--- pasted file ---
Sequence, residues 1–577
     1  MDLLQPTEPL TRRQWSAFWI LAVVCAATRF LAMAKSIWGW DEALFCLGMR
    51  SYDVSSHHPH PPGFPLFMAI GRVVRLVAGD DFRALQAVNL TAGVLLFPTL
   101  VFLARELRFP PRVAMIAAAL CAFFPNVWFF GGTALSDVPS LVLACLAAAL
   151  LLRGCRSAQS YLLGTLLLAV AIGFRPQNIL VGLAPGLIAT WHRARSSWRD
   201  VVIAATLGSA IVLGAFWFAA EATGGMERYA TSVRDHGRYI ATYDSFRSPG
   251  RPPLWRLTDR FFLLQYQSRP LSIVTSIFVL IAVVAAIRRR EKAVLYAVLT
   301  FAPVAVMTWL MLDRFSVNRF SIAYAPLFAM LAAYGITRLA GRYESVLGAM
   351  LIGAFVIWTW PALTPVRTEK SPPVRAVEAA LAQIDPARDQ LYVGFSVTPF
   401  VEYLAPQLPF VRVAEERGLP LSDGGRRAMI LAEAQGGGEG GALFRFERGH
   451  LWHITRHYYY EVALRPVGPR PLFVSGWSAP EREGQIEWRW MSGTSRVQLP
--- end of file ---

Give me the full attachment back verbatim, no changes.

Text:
Sequence, residues 1–577
     1  MDLLQPTEPL TRRQWSAFWI LAVVCAATRF LAMAKSIWGW DEALFCLGMR
    51  SYDVSSHHPH PPGFPLFMAI GRVVRLVAGD DFRALQAVNL TAGVLLFPTL
   101  VFLARELRFP PRVAMIAAAL CAFFPNVWFF GGTALSDVPS LVLACLAAAL
   151  LLRGCRSAQS YLLGTLLLAV AIGFRPQNIL VGLAPGLIAT WHRARSSWRD
   201  VVIAATLGSA IVLGAFWFAA EATGGMERYA TSVRDHGRYI ATYDSFRSPG
   251  RPPLWRLTDR FFLLQYQSRP LSIVTSIFVL IAVVAAIRRR EKAVLYAVLT
   301  FAPVAVMTWL MLDRFSVNRF SIAYAPLFAM LAAYGITRLA GRYESVLGAM
   351  LIGAFVIWTW PALTPVRTEK SPPVRAVEAA LAQIDPARDQ LYVGFSVTPF
   401  VEYLAPQLPF VRVAEERGLP LSDGGRRAMI LAEAQGGGEG GALFRFERGH
   451  LWHITRHYYY EVALRPVGPR PLFVSGWSAP EREGQIEWRW MSGTSRVQLP